Dr Kevin Bean, fellow of the Institute of Irish Studies at the University of Liverpool and a member of the steering committee of the Labour Campaign for Free Speech, says: “The right to free speech and the right to protest are coming under increasingly brutal attack. The government is already threatening to defund universities who do not adopt the IHRA misdefinition of anti-Semitism, which even its author, Kenneth Stern, has described as having been abused to ‘chill free speech’. Together with the proposed policing bill, which would make it illegal to cause ‘serious annoyance’, we are witnessing a very serious, coordinated attack against our basic human and democratic rights.”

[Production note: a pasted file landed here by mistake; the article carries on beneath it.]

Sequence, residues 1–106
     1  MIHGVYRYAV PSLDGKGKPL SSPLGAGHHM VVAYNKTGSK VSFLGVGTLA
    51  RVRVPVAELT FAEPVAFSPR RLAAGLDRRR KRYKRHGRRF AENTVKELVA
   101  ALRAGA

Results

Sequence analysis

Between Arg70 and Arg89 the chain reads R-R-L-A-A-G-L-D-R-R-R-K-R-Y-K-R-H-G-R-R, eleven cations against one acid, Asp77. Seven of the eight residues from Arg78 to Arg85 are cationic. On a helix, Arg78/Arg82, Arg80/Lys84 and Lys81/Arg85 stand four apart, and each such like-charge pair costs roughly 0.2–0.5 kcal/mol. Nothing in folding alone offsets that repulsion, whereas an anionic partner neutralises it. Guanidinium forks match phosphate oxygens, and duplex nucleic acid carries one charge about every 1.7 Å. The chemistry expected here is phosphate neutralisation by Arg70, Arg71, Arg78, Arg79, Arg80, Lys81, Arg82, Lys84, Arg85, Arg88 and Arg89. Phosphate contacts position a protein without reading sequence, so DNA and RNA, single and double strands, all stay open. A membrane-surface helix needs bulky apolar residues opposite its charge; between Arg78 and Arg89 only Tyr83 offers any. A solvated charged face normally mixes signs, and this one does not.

David Miller is also supported by rapper Low Key, comedian Alexei Sayle, former Labour MP Chris Williamson and Middle Eastern expert professor Moshé Machover. Hundreds of academics and Jewish supporters have signed two open letters in support of Miller, which are available on the website here: supportmiller.org

Film director Ken Loach has said: “Universities depend on the freedom within the law to challenge all ideologies and political movements. Professor Miller is renowned and respected for his rigorous analysis and considered judgements. His voice is important. All are free to challenge his opinions, but none should advocate their suppression. Everyone who cherishes free speech should stand with David Miller.”